“If a device has a micro USB connector, I can plug it into practically any charger and get at least a little charge out of it.”
True, but remind me to never lend you one of my computers, iPads or iPhones! 😉
All chargers should be rated for 5.1V output but they’re not…especially many of the cheap ones I’ve seen made in China. Besides just voltage what matters is the mA rating which has to be the same as the phone’s stock charger. But guess what? They often are not (just go and look at chargers at MicroCenter and you’ll see what I mean). If it’s less, you’ll risk burning out the charger as well as damaging the phone or its battery. I’ve had that happen, and thankfully I could replace the battery in my Treo650 at the time.
Again, a guy like you who is a geek and understands voltage, amperage and electronics overall (or so I assume based on your Twitter profile) there should be zero problem using a microUSB charger (though I’d heartily recommend never trying to “get a little charge out of it” if you value your electronics). As I’ve said above too many times I’ve seen my own family and friends reach for some miscellaneous charger just because it had a microUSB connector since they were at my house and forgot their charger (and, of course, had NO idea what the voltage and amperage requirements were for their phone).
Rather than go on with all the reasons why all chargers and microUSB cables are NOT alike——and that voltage and amperage DO matter——check these out:
+ Gizmodo: Can I Use the Same Charger for Multiple Devices?
+ Lifehacker: Does It Matter Which Charger I Use?
Definitely an Apple tax: I might point out that from monoprice, I can get literally 10 times as many cables at the same lengths (10 foot microUSB cables are $1.25, 3 footers are $0.75) for the same price. I call it an Apple tax because if they had a standard microUSB you wouldn’t even need to bother finding a “certified” cable – that’s what standards are for. As a bonus, being a geeky person you could even check that the cable is connected up correctly!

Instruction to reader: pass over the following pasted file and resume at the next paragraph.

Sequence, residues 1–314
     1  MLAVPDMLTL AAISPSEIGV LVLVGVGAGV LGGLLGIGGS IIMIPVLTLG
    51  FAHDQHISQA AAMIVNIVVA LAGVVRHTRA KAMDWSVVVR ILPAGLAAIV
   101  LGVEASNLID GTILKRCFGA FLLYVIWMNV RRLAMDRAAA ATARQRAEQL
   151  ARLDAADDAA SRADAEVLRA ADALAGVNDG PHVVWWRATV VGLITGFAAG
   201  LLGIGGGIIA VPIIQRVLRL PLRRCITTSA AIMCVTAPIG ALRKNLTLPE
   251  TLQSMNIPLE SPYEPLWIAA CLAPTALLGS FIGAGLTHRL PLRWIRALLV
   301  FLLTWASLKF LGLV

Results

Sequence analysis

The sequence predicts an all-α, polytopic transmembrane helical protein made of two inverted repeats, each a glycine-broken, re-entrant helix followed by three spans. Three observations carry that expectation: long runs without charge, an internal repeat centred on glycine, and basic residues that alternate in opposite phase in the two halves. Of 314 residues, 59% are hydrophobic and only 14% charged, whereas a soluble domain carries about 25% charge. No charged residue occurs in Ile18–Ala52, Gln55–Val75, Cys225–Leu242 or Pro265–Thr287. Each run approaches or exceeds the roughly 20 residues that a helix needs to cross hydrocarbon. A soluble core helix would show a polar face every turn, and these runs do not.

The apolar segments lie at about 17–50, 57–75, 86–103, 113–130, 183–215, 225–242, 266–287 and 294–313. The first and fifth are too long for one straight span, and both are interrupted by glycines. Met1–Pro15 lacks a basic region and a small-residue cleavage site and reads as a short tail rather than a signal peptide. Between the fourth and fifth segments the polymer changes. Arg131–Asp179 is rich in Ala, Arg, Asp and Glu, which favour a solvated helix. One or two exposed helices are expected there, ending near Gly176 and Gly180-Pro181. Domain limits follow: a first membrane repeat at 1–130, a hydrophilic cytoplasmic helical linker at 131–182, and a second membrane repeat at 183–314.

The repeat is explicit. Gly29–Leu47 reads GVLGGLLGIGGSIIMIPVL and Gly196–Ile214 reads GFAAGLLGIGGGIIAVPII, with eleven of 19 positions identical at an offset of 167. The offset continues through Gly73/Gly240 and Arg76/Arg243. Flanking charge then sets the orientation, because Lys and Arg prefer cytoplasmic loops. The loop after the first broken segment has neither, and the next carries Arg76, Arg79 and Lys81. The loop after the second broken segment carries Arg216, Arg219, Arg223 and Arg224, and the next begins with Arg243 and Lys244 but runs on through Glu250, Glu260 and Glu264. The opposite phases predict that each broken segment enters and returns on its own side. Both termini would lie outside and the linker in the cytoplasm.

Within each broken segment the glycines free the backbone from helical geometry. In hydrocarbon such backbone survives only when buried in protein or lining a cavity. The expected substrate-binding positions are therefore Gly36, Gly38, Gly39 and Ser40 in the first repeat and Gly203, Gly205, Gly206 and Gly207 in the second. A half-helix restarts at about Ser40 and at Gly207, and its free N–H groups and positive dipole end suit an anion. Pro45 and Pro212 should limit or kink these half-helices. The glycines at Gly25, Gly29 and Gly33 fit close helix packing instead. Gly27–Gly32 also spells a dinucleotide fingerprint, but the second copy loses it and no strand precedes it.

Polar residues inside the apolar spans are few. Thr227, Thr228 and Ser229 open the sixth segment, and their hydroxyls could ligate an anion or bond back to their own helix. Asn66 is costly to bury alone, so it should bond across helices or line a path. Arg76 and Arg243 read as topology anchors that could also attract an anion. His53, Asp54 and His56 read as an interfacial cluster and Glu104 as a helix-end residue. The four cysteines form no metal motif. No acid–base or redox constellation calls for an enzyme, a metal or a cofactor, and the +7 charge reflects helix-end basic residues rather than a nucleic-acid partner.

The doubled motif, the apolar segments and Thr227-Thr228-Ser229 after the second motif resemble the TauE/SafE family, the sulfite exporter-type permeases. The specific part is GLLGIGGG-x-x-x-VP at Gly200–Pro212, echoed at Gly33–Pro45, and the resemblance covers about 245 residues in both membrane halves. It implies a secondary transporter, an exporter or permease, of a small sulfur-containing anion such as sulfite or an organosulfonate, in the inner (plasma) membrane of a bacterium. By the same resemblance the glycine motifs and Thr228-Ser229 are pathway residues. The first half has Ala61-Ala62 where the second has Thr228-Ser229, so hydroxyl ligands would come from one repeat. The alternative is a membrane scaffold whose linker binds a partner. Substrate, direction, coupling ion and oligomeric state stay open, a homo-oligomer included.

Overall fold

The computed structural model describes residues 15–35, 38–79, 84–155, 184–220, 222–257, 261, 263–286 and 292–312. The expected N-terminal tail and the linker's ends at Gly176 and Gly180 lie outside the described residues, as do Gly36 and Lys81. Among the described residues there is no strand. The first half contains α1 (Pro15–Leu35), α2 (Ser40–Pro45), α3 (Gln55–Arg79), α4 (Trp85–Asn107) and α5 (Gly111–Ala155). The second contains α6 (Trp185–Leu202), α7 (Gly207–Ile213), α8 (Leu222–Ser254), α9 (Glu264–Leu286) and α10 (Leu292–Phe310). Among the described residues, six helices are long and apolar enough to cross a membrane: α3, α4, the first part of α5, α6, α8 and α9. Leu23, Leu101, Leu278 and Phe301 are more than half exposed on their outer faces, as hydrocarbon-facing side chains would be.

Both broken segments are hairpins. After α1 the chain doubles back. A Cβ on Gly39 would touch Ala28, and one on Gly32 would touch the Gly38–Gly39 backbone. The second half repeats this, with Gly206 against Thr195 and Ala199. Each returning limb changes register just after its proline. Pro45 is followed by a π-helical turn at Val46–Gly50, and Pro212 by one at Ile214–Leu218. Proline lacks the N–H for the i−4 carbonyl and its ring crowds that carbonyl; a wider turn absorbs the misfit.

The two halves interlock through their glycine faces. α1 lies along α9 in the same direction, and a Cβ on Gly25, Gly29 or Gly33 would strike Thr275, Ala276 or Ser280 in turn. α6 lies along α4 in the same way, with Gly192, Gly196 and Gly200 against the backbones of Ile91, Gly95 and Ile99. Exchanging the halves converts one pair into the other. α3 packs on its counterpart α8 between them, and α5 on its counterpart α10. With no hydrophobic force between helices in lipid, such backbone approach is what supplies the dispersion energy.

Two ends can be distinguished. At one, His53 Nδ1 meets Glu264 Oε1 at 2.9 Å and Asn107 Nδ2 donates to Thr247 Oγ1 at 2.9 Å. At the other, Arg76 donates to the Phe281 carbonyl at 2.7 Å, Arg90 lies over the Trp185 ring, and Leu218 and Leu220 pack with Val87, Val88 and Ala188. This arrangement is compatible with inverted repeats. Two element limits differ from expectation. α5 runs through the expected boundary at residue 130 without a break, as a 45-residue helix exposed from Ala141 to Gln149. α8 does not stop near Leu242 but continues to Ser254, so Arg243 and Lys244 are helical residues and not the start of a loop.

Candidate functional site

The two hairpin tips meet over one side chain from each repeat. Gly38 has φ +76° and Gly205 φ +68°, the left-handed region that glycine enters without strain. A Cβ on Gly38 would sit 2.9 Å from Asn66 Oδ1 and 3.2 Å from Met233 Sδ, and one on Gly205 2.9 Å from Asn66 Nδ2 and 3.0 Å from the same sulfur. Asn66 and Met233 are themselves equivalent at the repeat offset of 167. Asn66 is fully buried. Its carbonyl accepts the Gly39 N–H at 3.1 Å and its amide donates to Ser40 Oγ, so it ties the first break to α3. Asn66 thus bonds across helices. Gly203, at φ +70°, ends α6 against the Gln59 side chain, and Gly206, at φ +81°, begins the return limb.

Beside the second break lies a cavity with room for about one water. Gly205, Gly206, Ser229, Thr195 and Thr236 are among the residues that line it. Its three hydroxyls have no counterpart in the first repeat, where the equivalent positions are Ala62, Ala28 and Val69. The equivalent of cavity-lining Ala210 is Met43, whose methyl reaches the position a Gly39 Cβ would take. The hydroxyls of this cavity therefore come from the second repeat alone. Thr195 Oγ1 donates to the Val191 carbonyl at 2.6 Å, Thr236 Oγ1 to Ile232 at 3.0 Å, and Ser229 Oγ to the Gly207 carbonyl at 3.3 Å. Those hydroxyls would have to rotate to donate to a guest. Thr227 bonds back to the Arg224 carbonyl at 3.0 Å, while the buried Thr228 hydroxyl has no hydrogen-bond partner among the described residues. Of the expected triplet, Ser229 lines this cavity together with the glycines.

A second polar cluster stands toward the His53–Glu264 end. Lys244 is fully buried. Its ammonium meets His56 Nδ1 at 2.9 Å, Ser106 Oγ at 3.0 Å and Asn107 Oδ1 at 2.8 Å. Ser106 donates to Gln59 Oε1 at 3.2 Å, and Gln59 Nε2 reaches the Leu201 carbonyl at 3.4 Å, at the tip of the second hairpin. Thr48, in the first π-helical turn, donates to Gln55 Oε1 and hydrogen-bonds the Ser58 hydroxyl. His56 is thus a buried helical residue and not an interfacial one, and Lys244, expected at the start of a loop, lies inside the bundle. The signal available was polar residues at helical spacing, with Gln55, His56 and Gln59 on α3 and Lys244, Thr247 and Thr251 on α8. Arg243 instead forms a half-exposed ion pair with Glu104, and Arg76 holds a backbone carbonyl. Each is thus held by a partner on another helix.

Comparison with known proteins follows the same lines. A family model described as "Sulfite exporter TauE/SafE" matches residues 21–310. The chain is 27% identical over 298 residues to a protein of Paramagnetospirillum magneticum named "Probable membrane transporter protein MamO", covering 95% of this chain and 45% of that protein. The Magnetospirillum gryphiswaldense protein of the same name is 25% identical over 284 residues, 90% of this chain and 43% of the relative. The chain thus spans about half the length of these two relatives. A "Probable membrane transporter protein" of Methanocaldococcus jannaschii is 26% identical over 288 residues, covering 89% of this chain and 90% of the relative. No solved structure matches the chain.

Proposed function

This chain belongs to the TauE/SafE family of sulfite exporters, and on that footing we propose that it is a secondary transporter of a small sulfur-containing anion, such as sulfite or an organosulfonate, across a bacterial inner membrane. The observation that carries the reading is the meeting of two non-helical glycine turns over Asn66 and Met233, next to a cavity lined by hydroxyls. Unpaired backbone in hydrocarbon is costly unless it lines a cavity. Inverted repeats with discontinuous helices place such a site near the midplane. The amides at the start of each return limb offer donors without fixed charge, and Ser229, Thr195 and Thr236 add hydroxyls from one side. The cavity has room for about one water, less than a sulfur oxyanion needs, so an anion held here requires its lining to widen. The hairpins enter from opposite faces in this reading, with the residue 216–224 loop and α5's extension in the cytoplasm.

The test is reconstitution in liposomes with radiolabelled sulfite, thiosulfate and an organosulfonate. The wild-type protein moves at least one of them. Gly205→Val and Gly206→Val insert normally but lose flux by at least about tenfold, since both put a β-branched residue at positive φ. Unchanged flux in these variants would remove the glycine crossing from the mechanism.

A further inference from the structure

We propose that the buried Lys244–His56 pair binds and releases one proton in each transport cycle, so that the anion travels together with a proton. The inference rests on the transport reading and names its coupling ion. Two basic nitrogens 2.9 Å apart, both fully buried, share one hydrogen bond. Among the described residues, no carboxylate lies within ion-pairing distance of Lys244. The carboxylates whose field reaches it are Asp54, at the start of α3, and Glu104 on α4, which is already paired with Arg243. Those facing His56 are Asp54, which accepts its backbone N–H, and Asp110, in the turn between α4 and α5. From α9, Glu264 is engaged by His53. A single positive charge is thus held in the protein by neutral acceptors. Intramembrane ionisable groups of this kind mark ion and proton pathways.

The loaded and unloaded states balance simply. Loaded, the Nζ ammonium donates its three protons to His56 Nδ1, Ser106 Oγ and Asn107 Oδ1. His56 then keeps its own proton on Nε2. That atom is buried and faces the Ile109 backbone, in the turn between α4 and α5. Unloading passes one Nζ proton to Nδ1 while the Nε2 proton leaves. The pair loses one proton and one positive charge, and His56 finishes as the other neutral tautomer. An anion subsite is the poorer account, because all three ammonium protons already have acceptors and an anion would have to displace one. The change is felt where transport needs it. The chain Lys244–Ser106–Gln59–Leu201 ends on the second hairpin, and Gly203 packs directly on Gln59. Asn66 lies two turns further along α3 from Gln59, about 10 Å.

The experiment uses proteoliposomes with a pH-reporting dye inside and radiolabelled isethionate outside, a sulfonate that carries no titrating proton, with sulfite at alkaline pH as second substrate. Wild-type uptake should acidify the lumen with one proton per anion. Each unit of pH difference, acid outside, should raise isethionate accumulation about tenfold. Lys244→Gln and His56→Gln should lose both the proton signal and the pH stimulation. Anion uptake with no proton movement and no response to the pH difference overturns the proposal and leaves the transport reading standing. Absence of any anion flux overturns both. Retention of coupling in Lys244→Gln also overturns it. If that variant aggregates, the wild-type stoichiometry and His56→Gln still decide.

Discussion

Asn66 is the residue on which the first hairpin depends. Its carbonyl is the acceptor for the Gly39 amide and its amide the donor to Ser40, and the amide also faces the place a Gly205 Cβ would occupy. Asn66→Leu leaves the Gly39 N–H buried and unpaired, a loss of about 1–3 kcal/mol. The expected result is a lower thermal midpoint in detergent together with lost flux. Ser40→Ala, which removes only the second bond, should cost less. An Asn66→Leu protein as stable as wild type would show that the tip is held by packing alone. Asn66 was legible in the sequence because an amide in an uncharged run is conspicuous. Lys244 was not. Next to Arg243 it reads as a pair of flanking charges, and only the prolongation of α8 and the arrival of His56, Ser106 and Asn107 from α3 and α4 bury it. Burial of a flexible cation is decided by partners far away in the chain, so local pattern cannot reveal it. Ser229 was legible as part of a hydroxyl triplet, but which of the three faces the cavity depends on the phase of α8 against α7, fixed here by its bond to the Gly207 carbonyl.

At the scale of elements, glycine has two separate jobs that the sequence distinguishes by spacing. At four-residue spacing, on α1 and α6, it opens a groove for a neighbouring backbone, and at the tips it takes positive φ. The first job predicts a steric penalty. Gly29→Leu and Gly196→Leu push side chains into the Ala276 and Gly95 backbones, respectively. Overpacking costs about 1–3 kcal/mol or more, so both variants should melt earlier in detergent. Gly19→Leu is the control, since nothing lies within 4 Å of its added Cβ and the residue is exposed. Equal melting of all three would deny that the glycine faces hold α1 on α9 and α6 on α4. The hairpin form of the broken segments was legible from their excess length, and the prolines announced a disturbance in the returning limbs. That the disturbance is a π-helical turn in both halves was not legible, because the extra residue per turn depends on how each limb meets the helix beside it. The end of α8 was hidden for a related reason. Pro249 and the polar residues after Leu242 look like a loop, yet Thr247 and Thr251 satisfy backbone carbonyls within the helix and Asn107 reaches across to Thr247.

If your charger with a USB plug in is isn’t 5V out, then something is seriously wrong, and that charger should go in the trash – it is dangerous. Of course the quality of cheap counterfeit crap from China is always going to be suspect.
It’s completely wrong to say that you need to match the mA rating of the device’s original charger. If the charger cannot supply the mA, the device’s charging electronics will not break, and the desirable outcome of just charging at a slower rate will occur instead. If this didn’t happen, then every modern phone wouldn’t be able to plug into a computer’s USB socket, which can only supply 500mA when it’s actually providing data (excepting USB 3, which has added some overhead for more power).
At the end of the day, We both agree that the Lightning plug is great – the aesthetics are good, the connection is solid, and it’s reversible with no issue – these are wonderful things for a connector to have. It’s just another Apple contrivance though unless anyone else can use it. The right way to make a new, great connector is to open it for everyone to use. Lightning connectors could have taken the mobile world by storm. Instead it will just sit in it’s little corner of the market and cost an order of magnitude more than normal cables.
1. This is nothing new. There has been a voluntary agreement in teh EU that charging with a micro USB charger must be possible. It only came up again after the agreement ended, and the manufacturers were resistent to renew it. So far, Apple has simply complied by offering an adapter. Of course, nobody uses that.
2. The better solution than a charger with a micro-USB ending cable would be chargers with a full USB female connector into which all kinds of USB cables could be plugged in, including micro USB cables and lightning port cables. Much more versatile, future proof, and it even saves some cables, since most devices need a USB cable anyway for connecting with a PC. Again, this is what Apple has been doing for years.
3. The only reason I can imagine why the other manufacturers refuse to offer such versatile chargers is mere greed. So, it is actually not Apple, and their flexible approach, but the other manufacturers that forced the EU to discuss such a directive.